An Ordinary Evening in New Haven

by Pericles Lewis

In “An Ordinary Evening in New Haven” (1950), Wallace Stevens writes of the possibility of a kind of poem that would avoid the vagaries of representation. describes the ideal of a language that could express reality as it is:

The poem of pure reality, untouched
By trope or deviation, straight to the word,
Straight to the transfixing object, to the object At the exactest point at which it is itself,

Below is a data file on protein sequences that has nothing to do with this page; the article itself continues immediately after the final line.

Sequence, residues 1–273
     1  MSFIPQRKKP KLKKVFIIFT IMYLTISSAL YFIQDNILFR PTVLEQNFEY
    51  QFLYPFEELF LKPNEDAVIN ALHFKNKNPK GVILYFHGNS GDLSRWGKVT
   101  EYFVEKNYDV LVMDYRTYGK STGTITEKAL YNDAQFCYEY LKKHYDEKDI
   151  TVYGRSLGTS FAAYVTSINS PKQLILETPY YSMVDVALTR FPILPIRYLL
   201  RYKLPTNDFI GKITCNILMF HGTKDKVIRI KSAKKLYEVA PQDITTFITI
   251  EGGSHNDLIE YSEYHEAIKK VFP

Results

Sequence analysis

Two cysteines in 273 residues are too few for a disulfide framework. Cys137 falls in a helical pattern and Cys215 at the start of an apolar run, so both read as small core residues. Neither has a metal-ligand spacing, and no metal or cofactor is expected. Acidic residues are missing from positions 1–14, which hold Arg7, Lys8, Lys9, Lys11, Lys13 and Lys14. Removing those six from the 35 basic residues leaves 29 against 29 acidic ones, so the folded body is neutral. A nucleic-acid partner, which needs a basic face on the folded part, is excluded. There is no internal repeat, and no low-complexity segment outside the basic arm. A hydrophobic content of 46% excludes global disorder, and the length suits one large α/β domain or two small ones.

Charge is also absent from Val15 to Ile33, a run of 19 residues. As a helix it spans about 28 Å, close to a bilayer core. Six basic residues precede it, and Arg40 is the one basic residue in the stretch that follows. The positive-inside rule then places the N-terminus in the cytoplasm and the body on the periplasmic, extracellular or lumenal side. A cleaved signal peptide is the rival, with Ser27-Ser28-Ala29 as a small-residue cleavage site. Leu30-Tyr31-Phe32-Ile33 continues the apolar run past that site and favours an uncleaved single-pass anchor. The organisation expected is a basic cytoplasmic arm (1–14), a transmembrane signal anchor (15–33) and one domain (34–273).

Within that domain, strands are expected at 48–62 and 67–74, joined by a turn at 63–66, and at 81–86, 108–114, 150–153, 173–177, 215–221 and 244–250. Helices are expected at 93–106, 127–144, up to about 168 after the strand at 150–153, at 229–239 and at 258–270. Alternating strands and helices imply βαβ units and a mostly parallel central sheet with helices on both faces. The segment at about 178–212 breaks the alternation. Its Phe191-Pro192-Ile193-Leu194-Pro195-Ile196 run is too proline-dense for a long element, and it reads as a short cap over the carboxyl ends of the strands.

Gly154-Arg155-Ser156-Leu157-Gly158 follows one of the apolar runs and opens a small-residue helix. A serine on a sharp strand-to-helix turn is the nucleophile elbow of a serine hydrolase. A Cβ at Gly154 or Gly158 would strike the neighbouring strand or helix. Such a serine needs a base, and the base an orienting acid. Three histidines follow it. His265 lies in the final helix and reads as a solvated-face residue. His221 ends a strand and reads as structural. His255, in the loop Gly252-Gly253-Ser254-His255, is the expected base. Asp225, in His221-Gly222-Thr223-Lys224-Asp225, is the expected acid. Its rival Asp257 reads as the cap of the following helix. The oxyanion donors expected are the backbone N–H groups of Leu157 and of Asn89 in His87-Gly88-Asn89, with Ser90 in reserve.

Transfixed by being purely what it is.
A view of New Haven, say, through the certain eye,
The eye made clear of uncertainty, with the sight
Of simple seeing, without reflection. We seek
Nothing beyond reality.

Yet Stevens’ poems, though influenced by imagism in their emphasis on exact representation, tend to represent not “transfixing objects” but abstractions. He never describes New Haven, but only analyzes what the simple view of New Haven might be.[1]

  1. ↑ This page has been adapted from Pericles Lewis’s Cambridge Introduction to Modernism (Cambridge UP, 2007), pp. 148-149.

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